I have recently converted my blog to a website and, as I have already documented, I serve it as a static website. I have preferred this approach over a dynamic one that gets driven by a full-fledged blogging software or a publishing platform. Of course, these were not the only possible options. As is so well captured by Christopher Heng at his website1, the options are just too many.
It wasn’t an easy call to select one, it never is. Every option one chooses has its own advantages and disadvantages. And, of course, going with a standalone website builder and serving the content as pure HTML had its own too. For me, though, benefits really outweighed the challenges.
Why choose a static website for blogs?
A static website is nothing but a string of HTML pages served by a hosted web server. Every document, blog post or update is a plain HTML page. Given this simplicity of existence, it has some key benefits that attracted me.
- It’s quick and cheap to develop
- It’s easy and cheap to host
- It’s fast to be served
Again, Hugo captures them the best.
Improved performance, security and ease of use are just a few of the reasons static site generators are so appealing.
The most noticeable is performance. HTTP servers are very good at sending files—so good, in fact, that you can effectively serve the same number of pages with a fraction of the memory and CPU needed for a dynamic site.
I have already seen this benefit realised with the performance of my website too.
These benefits should attract every blogger out there looking for a simple manageable solution for their blogs. Then why aren’t all blogs served as static website? The answer is, of course, nothing’s perfect and static websites are not for all. They bring with themselves a list of challenges.
Creating static pages needs a bit of programming skill, and a lot of interest to slog it out over web design and development. In the longer run, maintaining these pages can become cumbersome if they are to be updated even so slightly, every now and then. Especially, if all you care about is the text you write, what gets placed around it is really not of much an interest to you. All you want to do is write and publish. You don’t want to awaken the web dev in you every time you want your footer to be updated or a page to be added.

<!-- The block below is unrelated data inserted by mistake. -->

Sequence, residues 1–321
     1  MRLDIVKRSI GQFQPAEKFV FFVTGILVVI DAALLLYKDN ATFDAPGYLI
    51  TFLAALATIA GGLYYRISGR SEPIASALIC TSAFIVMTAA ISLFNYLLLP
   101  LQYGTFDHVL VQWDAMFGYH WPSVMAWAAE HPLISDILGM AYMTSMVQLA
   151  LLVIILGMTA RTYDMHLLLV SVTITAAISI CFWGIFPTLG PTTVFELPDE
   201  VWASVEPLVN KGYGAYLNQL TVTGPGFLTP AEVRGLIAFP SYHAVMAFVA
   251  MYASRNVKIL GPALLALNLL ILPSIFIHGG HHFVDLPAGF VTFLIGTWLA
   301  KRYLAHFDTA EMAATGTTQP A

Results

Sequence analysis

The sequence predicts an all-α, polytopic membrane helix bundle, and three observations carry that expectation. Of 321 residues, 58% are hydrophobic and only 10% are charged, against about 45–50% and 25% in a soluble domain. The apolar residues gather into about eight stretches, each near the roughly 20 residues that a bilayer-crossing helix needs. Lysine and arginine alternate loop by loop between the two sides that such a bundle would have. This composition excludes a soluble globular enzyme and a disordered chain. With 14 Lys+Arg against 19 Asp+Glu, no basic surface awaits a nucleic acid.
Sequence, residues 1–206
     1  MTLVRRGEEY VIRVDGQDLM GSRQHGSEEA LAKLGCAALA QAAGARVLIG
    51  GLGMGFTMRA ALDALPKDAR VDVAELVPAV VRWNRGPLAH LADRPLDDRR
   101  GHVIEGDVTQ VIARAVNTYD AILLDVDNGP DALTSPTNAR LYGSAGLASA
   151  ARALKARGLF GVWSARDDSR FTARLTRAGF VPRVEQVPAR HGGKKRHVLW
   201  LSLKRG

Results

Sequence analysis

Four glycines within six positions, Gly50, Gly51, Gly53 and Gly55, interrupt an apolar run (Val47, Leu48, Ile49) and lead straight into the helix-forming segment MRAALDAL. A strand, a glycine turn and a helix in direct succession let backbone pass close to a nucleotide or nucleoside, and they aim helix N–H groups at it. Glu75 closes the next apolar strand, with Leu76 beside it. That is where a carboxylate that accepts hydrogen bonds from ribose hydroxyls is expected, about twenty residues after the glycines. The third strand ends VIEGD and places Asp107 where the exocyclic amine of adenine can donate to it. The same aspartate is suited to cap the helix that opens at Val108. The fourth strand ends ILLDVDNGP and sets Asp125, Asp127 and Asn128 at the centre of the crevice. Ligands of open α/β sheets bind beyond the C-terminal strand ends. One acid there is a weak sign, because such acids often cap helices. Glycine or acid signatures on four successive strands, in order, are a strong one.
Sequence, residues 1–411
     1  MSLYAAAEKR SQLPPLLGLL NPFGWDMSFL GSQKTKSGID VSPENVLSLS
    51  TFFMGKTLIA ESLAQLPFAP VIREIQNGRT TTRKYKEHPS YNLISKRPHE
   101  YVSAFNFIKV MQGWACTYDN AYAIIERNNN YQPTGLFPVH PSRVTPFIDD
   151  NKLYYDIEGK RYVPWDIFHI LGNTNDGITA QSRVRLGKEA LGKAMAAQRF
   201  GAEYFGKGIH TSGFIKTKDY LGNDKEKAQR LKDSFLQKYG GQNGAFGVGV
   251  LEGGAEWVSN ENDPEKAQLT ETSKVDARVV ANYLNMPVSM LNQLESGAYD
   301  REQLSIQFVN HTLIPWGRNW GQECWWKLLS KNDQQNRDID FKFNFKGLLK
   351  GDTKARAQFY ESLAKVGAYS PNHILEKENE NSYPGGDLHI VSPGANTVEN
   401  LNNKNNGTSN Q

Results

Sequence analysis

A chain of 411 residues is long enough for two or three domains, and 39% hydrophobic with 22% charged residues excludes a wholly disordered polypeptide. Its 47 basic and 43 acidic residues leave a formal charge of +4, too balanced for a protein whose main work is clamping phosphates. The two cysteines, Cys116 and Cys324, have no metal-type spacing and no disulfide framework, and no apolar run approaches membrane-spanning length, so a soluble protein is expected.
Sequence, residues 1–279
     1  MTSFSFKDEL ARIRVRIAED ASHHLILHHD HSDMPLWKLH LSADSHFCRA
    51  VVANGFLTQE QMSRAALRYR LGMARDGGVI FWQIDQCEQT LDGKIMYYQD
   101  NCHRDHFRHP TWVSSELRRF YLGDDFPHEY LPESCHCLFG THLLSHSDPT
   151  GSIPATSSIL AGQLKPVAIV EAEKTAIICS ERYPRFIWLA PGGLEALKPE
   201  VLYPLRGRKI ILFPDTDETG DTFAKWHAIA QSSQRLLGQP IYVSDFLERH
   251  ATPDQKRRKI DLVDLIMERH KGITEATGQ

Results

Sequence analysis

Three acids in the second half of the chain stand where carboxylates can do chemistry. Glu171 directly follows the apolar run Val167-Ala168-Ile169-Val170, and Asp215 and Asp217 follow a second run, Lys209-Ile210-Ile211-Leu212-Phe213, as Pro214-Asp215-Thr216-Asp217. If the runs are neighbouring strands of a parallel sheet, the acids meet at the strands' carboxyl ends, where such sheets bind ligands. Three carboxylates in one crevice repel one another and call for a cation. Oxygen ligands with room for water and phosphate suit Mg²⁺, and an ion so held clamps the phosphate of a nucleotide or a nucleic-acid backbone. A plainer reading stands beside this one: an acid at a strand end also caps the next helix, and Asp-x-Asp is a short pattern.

Ironically, a rush to dynamic websites to solve this challenge is totally counter to what you really care about, the text. The text is light, the page carrying them needs to be the same. To have these generated every time someone requests for them2 is just too costly. And to have them stored as database entries is just too messy. It is text, it needs to be stored as text.
Hugo (and the likes) provides a nice middle ground. Smashing Magazine summarizes it well.
Each generator takes a repository with plain-text files, runs one or more compilation phases, and spits out a folder with a static website that can be hosted anywhere. No PHP or database needed.
Hugo takes caching a step further and all HTML files are rendered on your computer. You can review the files locally before copying them to the computer hosting the HTTP server.
Isn’t it, after all, better to make the whole user-facing part of your website into a cache of servable HTML pages and have it generated and deployed locally — without loading the server with a programming runtime or a database? This is exactly what Hugo enables.
This helps to design, build, test and maintain the website without much of a hassle. And with Hugo, I have already hit all the benefits of a static website I mentioned above, bypassing the challenges it presents. A one-time effort to design and build the website is handled with little pain; now I can focus on writing.
Workflow to write, especially on mobile
There is another challenge with such websites that are built locally and served statically - all they contain is the final product, the HTMLs. Any change needs to be followed by a rebuild and redeploy. There is no online CMS to handle your content from a browser, especially no WYSIWYG3 web editor to create or modify your posts. Of course, one way to handle this is to deploy a separate light-weight CMS.